Some cocoa traders are preparing to pay taxes to the regime of Laurent Gbagbo in a move that would hand a lifeline to the embattled former Ivory Coast president, who has refused to step down after losing elections last year.
Cocoa traders fear Mr Gbagbo may confiscate stocks of cocoa worth $1.3bn if they do not pay export taxes by the end of March, as he has ordered. Ivory Coast is the world’s largest cocoa producer, accounting for nearly 40 per cent of the global crop.
In January, the traders stopped exporting cocoa, depriving the Gbagbo government of revenue from export taxes, after the imposition of a ban by Alassane Ouattara, the internationally recognised winner of November’s election, and European sanctions.
But Ricardo Leiman, chief executive of Hong Kong-based trading house Noble Group, said that if Mr Gbagbo was still in control by March 31, the company would pay the export taxes.
“If the local government who is in charge tells us to pay the taxes, we will pay the taxes. We abide by local law and international law,” Mr Leiman told the Financial Times in an interview.
Noble Group later clarified that the company’s actions would be guided by its legal advice.
The comments caused surprise in the cocoa trading community as other companies insisted they would resist paying the taxes, citing an informal agreement among the cocoa industry to present a unified front to Mr Gbagbo and to refuse to pay. “We will not pay. No way,” one European executive said.
But another executive said that, while he did not currently plan to pay, he would have to “reassess the situation” if the threat of confiscation were to remain on March 31. “People may not have an option,” he said.
The stocks under threat number about 400,000 tonnes of cocoa – worth $1.3bn at current prices. Given export duties of 22 per cent, they could be worth nearly $300m in taxes to Mr Gbagbo’s government. Diplomats believe he needs about $150m a month to keep the loyalty of military forces and civil servants. All of the top cocoa traders own large quantities of cocoa tied up in Ivory Coast, including Barry Callebaut, Archer Daniels Midland, Cargill, Olam, Noble, Touton, Ecom Agroindustrial and Armajaro.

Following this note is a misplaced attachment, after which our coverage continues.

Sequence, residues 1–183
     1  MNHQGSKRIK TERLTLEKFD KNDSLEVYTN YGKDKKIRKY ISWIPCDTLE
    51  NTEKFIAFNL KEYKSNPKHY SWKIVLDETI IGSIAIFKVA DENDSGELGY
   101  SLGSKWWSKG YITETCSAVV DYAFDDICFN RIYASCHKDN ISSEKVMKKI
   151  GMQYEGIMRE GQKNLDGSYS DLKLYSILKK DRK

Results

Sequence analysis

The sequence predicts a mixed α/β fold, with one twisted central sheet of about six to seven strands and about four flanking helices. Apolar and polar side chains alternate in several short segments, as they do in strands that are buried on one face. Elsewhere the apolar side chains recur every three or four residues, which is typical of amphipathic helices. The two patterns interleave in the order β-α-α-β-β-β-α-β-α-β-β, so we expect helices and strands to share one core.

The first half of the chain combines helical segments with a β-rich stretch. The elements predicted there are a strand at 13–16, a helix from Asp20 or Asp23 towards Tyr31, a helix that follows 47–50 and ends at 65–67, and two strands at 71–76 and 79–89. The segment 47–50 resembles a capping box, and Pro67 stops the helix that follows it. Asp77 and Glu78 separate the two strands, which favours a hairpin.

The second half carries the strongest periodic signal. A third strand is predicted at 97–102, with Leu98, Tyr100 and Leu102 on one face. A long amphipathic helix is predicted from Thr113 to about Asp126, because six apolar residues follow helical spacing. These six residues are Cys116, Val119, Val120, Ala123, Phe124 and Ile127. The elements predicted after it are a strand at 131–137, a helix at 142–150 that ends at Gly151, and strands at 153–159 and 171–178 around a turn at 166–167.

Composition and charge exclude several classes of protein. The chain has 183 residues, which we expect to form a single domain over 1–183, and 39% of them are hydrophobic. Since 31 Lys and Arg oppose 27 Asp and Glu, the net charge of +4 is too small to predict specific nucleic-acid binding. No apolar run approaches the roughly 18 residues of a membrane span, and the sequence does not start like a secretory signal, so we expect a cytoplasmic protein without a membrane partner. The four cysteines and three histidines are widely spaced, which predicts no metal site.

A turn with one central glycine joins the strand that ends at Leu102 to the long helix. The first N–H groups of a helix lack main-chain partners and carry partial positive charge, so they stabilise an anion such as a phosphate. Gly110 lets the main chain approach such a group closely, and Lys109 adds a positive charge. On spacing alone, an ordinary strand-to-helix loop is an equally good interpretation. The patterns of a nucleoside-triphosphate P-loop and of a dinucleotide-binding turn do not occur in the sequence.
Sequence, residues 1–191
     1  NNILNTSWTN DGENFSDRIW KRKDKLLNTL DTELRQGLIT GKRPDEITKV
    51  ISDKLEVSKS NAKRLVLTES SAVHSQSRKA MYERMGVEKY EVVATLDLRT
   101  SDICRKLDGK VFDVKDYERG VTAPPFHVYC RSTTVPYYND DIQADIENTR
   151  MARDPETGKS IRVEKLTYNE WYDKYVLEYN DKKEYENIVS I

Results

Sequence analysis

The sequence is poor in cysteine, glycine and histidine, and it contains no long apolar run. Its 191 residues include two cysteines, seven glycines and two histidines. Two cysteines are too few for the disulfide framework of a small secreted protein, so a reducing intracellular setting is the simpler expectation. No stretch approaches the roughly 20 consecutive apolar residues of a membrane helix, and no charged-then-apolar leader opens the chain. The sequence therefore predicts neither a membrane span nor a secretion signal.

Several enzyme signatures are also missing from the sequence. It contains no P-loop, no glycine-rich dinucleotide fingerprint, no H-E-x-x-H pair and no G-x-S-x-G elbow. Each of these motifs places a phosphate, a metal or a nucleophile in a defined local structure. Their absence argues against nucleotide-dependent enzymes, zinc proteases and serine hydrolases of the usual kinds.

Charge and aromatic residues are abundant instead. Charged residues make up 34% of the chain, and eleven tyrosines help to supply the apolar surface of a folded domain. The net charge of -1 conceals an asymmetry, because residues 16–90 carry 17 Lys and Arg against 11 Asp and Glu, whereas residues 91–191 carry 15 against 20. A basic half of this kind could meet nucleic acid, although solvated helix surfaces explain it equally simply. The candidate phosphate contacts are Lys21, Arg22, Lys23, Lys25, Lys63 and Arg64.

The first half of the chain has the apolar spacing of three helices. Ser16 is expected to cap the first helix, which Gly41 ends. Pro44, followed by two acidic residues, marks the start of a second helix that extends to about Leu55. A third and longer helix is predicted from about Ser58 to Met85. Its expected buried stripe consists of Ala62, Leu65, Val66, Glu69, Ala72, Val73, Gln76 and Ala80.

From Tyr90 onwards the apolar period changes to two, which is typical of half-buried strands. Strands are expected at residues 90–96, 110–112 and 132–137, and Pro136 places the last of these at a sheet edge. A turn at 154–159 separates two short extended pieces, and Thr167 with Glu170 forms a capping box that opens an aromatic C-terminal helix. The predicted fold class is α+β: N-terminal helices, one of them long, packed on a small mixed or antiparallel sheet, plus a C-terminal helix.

The dilemma for the cocoa industry comes as Mr Gbagbo’s grip on the country has weakened amid an escalation of violence. At least 30 people were killed in a mortar attack on a market in a pro-Ouattara neighbourhood of Abidjan last week.
In the past two weeks, the cocoa price has tumbled from close to its highest in 33 years as investors bet that stocks in Ivory Coast would find their way out of the country.
But brokers said big industry groups were buying options to protect against a rise in prices in case the stocks were seized or destroyed.
Mr Leiman said that even if the European Union sanctions were to prevent the company from shipping the beans out of the country in the short term, “the beans will be exported one day”.
By Jack Farchy and Javier Blas in Financial Times, le 21 Mars 2011